Hidden Miracles of the Natural World

This is the little video we watched in class on Thursday.  Feel free to comment on it or just watch it again.  Lots more cool videos and TED talks to come!




7 thoughts on “Hidden Miracles of the Natural World

  1. I enjoyed this video a lot. Artistically, I thought it was beautifully done. It’s an all-encompassing look at the ordinary and extraordinary things that we’re unable to detect. I agree with the speaker, Louie Schwartzberg, when he says that being able to access these unseen parts of our world can inspire us to go out and explore more of what’s around us. Videos like this remind us that there are things around us constantly happening that are easily dismissed or left undetected. But for all of the amazing things we can’t see with the naked eye, there are thousands more that we can see that are just as unique and amazing. I think that everyone should be reminded once in a while to go out and find inspiration in something in the natural world, however common or uncommon it may be.

  2. It’s amazing how intricate and beautiful the most minute things in the world are. Watching this TED talk really makes you take a step back and think about what is going on around you. Because these things are not readily visible by our eyes, we can tend to forget about them. The beauty and grace displayed in this film is humbling and allows you to think about things in a whole new light. I know that every time I see a dragonfly now I will think about how it’s wings are moving and how sophisticated it’s flying is. It’s also amazing to see the technological advances and the range of vision that modern microscopes have in this video. It opens up unlimited possibilities in the medical and scientific fields. It’ll be very interesting to see how these technologies are used in the future.

  3. This video is so stunning, the first time I watched it it gave me chills! The TED talk portrays the dichotomy of the extremes of nature in such a beautiful and expansive way. There is so much in this world that we don’t know about, because we can’t see it or we merely don’t take the time out of our lives to observe it. When taking these sort of things and bringing them to the middle ground where our limited senses can comprehend makes the world seem as if it magical or fantastical, but then we realize that this magical and fantastical world is the world that we live in, which just makes it that much more interesting.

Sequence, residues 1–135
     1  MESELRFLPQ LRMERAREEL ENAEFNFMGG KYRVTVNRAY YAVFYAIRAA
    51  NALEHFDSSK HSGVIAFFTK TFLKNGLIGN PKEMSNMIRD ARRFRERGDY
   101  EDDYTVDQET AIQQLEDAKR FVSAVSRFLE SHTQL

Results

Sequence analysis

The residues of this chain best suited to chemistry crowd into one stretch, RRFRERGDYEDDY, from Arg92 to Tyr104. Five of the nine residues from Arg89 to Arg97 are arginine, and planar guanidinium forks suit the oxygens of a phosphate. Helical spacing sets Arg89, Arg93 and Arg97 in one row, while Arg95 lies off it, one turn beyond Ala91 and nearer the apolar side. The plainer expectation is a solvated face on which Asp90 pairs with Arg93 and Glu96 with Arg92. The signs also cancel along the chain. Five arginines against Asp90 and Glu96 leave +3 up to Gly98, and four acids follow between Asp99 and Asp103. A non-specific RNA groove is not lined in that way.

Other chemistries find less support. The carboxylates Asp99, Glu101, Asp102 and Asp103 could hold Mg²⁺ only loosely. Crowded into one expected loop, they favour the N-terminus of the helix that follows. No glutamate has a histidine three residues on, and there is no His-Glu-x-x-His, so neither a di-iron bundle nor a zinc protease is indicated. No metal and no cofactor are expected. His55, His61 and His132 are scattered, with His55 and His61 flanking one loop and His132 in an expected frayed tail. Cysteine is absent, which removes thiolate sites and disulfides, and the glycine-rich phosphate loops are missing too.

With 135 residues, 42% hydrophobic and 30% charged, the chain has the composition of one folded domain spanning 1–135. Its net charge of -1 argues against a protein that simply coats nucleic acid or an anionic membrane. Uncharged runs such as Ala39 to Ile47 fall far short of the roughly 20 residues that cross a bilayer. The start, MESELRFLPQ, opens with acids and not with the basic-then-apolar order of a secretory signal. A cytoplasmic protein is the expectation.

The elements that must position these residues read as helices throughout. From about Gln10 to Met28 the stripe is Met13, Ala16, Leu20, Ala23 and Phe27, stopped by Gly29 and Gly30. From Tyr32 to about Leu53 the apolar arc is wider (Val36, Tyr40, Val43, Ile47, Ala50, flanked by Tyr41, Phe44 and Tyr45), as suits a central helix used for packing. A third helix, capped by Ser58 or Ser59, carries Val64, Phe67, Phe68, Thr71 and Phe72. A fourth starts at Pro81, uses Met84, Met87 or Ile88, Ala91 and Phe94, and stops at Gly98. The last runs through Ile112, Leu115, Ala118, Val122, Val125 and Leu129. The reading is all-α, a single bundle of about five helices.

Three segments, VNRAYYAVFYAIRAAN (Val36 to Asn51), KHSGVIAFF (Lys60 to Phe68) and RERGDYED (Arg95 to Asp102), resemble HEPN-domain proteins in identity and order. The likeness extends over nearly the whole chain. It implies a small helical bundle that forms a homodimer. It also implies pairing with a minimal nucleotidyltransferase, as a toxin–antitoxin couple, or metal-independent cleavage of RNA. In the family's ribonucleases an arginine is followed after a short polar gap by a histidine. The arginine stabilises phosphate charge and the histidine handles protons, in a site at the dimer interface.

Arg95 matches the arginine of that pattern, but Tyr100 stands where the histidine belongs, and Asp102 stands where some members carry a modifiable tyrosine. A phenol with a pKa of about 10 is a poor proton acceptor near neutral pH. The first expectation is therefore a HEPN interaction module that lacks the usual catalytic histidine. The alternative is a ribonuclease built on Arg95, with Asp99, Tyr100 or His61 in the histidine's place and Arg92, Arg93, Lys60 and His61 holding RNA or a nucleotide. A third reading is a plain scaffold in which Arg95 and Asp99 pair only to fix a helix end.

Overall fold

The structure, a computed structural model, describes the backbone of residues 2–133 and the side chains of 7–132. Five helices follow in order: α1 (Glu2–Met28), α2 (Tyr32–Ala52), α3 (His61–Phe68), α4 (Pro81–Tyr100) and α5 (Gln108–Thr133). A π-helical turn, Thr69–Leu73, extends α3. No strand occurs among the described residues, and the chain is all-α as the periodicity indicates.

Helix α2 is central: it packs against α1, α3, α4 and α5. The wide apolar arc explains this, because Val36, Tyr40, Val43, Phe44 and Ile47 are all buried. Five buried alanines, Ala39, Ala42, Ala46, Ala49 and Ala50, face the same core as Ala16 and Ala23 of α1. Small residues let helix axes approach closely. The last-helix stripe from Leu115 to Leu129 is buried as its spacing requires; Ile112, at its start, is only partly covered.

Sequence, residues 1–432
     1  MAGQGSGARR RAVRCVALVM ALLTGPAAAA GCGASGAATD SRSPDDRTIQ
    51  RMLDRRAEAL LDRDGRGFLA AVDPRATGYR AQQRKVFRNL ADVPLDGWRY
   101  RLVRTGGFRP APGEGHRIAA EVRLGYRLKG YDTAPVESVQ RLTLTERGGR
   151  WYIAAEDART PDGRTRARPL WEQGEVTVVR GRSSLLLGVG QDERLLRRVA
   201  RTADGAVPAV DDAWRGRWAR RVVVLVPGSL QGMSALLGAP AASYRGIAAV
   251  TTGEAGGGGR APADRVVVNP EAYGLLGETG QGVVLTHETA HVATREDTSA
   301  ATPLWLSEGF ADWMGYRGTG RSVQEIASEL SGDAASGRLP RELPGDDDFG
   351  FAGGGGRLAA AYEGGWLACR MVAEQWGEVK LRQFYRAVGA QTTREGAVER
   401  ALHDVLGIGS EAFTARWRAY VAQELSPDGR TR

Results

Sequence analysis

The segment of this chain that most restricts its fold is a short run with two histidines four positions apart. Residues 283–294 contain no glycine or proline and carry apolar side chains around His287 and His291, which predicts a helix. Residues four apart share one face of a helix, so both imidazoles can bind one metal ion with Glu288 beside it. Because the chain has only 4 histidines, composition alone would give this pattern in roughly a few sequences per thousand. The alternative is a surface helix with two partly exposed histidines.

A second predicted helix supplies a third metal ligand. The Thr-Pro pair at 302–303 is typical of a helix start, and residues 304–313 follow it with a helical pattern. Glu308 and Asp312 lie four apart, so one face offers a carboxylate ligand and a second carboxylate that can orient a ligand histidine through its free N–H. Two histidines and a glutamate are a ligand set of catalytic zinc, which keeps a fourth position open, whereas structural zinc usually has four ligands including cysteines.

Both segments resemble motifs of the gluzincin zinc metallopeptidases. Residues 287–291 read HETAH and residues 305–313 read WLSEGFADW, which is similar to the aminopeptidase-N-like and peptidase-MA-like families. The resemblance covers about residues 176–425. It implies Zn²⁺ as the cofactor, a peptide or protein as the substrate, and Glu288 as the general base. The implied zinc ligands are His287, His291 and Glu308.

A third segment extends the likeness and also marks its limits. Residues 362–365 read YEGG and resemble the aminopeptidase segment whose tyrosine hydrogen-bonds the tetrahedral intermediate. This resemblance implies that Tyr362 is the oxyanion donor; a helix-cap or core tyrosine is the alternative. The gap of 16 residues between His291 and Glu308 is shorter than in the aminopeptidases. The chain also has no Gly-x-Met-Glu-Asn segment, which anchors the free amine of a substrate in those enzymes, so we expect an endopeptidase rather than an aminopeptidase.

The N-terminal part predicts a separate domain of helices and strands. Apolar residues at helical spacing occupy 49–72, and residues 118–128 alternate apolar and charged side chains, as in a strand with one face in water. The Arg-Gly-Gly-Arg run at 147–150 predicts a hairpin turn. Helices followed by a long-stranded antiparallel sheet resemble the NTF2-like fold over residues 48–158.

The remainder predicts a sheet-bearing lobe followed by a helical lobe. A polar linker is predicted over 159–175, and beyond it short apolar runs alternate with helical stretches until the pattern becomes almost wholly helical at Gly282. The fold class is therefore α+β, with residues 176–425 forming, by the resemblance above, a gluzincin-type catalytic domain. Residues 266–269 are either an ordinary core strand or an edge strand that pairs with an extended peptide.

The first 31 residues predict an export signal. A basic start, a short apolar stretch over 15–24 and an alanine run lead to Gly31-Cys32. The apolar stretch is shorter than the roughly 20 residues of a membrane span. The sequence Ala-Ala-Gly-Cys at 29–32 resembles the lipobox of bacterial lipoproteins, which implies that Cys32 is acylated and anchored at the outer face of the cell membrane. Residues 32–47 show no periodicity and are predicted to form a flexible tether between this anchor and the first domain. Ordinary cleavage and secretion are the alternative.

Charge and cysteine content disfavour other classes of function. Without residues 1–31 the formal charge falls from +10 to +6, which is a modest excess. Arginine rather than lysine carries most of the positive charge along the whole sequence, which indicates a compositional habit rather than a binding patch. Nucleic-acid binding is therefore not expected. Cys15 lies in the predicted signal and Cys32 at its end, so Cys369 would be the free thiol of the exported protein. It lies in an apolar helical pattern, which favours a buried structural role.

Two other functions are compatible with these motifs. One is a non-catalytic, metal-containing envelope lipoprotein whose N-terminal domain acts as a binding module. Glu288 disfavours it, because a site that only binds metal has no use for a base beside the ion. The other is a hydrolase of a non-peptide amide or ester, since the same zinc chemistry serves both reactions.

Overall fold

4. As a person would watches TED talks of all types regularly, this is one of my favorites. The first time I saw this particular TED talk was a few years back in an earth science course. I was amazed at how when we magnify things to the extreme how different they become in the world within the world we know. The time we viewed this in class did not change that for me at all. One of my favorite things when watching this TED talk are the mixed reactions from the viewer; the reaction can include just blank staring to wide eye amazement to vocal disgust to the images. I think this time around the most common reaction was the vocal disgust but also the realization that all this things are alive and on earth today. That is the most powerful message the fact that we share the earth with other living organisms and we need to show it.

  5. It blew my mind that a spiders silk thread is stronger than steal and completely elastic. The silk is also 100 times thinner than a human’s hair and in that silk there are bacteria. Thats unreal. Wow.

  6. My mind was blown at how far we have come with technology. Those advancements that allows us to see the super micro organisms we have not seen or learned about yet and slo-mo capabilities to understand how organisms function will further improve our capabilities to push our technology to a new level than ever before!!! I look forward to the next couple of years when they apply those findings to our lives!

  7. I really enjoyed this video, although I’ve always loved time lapse videos. I’ve never thought about why I enjoy them so much, but when Schwartsberg spoke about “being unaware of things too small for us to see” I figured that was probably why I find things like this fascinating, because I always want to know more. Of course, I’ve only ever been curious about space, wondering about what distant planets might be out there, but I’ve neglected the things around me that might prove just as fascinating and unknown to me. This video was an interesting insight into what you might get to see by looking around just a little more.

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